The action switches back and forth between the drab, grey present and the grimy England of the early 19th century, where violence against women, and the sexual exploitation of the young, is very much the norm.

The first male character in Byzantium to be initiated into the ‘brotherhood’ of vampires is the soldier, Darvell, played by Sam Riley, who, after becoming ill on an expedition to Ireland, is confronted by two strangers while researching a cure among ancient documents in the Long Room, the old library in Trinity College Dublin.

They direct him to a mysterious island, where he is assaulted by a demon — his doppelganger — and reborn as one of the undead.

The link with Trinity is no coincidence. The college is the alma mater of Bram Stoker, and the roots of Jordan’s interest in vampirism can be traced to his familiarity with the Dracula author’s home in Dublin.

“I grew up in Clontarf,” he says. “I used to cycle past Stoker’s house to get to the Fairview Cinema. If I saw a vampire movie, I saw it there. The house was abandoned, it was almost in ruins at the time, and it used…” He smiles at the memory. “It used to terrify the life out of me.”

Neil Jordan at home and abroad

Neil Jordan was born in Co Sligo in 1950, and grew up in Dublin. He studied English and Irish History at UCD, and first found notice as a creative writer. His collection of short stories, Night in Tunisia, published in 1976, won the Guardian Fiction Prize. The title story was adapted for television, directed by Pat O’Connor, in ’82. By then, Jordan had published his first novel, The Past; a second, The Dream of a Beast, followed in ’83.

The veteran director, John Boorman, soon took Jordan under his wing, hiring him as a script consultant on his film, Excalibur, which he made with a largely Irish cast in Co Wicklow. Boorman produced Jordan’s debut feature film, Angel, in ’82. Angel starred Stephen Rea as a showband musician who witnesses a murder.

Jordan then made The Company of Wolves, which was based on an Angela Carter story, which was itself inspired by the legend of Little Red Riding Hood. His next project was Mona Lisa, a respectable crime thriller, set in London, that starred Bob Hoskins as an ex-con who becomes obsessed with a prostitute. Other films followed: High Spirits, We’re No Angels and The Miracle all met with mixed success.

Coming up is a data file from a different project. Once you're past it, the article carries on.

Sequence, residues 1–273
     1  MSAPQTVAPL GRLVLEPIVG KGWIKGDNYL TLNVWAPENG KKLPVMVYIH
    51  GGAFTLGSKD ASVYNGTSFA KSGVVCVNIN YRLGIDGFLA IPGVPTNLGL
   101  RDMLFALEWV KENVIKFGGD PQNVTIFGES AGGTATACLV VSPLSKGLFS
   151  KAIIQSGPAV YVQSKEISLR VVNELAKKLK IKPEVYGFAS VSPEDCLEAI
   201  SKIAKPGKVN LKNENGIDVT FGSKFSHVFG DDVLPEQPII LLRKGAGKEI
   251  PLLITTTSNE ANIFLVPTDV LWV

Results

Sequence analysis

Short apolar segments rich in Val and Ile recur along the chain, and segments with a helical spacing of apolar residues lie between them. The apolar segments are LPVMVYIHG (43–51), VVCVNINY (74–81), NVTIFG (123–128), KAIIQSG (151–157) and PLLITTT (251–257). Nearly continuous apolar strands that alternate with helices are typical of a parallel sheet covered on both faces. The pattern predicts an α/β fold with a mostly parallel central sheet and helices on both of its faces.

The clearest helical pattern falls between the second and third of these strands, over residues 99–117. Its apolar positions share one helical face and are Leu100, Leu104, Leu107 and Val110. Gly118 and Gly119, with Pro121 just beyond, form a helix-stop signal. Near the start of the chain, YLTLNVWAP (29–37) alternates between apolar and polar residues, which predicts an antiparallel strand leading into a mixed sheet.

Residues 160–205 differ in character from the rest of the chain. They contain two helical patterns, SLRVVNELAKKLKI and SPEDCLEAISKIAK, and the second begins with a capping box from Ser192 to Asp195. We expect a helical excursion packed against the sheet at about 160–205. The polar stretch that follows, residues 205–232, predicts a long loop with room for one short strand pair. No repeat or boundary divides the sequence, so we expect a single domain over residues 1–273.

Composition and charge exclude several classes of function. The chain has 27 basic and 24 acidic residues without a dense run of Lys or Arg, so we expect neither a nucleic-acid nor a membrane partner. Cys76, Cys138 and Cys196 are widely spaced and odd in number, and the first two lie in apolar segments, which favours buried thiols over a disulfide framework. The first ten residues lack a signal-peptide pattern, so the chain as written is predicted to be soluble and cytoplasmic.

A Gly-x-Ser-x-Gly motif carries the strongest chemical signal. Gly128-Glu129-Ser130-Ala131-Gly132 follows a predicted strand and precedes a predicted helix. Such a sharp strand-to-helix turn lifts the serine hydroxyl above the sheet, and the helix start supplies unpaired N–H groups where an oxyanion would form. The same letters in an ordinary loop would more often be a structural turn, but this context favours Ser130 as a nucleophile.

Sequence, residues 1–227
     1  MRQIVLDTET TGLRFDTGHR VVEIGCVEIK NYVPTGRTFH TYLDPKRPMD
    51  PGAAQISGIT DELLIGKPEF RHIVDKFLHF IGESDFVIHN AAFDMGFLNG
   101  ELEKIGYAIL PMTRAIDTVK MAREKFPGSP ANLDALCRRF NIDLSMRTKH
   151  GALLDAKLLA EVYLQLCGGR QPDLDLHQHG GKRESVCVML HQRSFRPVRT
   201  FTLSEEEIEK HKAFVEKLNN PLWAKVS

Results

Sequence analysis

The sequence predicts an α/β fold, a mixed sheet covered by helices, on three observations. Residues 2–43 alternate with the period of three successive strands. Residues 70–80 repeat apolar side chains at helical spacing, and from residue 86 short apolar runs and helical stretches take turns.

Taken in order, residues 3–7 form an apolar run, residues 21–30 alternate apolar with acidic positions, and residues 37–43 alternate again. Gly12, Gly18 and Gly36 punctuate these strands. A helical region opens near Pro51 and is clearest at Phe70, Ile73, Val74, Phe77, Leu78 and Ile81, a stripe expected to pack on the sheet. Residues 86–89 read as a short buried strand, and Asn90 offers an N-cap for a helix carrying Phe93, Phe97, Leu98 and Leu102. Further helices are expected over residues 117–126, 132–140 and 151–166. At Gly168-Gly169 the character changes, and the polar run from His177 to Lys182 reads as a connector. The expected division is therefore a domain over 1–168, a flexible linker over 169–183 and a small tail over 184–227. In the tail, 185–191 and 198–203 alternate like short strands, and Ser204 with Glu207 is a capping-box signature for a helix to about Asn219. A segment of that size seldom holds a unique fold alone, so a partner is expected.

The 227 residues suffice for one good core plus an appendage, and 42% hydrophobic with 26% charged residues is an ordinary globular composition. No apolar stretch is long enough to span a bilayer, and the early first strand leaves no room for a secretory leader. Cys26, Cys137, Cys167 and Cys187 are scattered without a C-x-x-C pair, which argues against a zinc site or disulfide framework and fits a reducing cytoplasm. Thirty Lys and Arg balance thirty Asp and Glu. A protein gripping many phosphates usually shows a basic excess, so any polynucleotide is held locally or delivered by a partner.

Jordan’s ’92 film The Crying Game, was the first to win him international acclaim. It starred Rea as an IRA terrorist on the run in London, who becomes involved with a young transgender woman, played by Jaye Davidson. The film won Jordan an Academy Award for Best Original Screenplay.

To coincide with the release of Byzantium, the Irish Film Institute in Dublin is currently screening a retrospective of all 18 of Jordan’s films. Jordan will not be attending, due to his injured knee. Are there any he would not want to watch again. “Not really,” he says. “They all came out of the same person. I have no favourites.”

The most controversial of Jordan’s films, and the one that took longest to bring to fruition, was Michael Collins, his ’82 biopic of the War of Independence hero.

“Michael Collins was a strange thing. Warner gave us the money to do this piece of Irish history, but they would not have done that if Interview With The Vampire had not been such a success.”

Republican violence was still a thorny and divisive subject in the Ireland of the ’80s. “There was a strange parallel between attempts to decommission the IRA, the past generation and the more recent. I said, this film will be about violence, and how difficult it is to cease that activity once you’ve begun it.”

Another Jordan project that spent years in development was The Borgias, which he originally wrote as a screenplay for film but eventually adapted as a lengthy television drama. “Dreamworks suggested I do the series. It’s like a 30- or 40-hour movie. I had done the research years ago, so it gave me a chance to expand on that.”

Jordan has continued to write fiction: his most recent novel was Mistaken in 2011. “I’ll write another book, I think,” he says.

Right now, he says, “I need to get back to writing directly for the screen. I want to get out of Ireland for a while, the reality here is a little bit depressing at the moment.” His next film project is a ghost story, which he will film in America. Would he like to move there for a time? “I wouldn’t mind at all. If I can walk. And if they’ll have me.”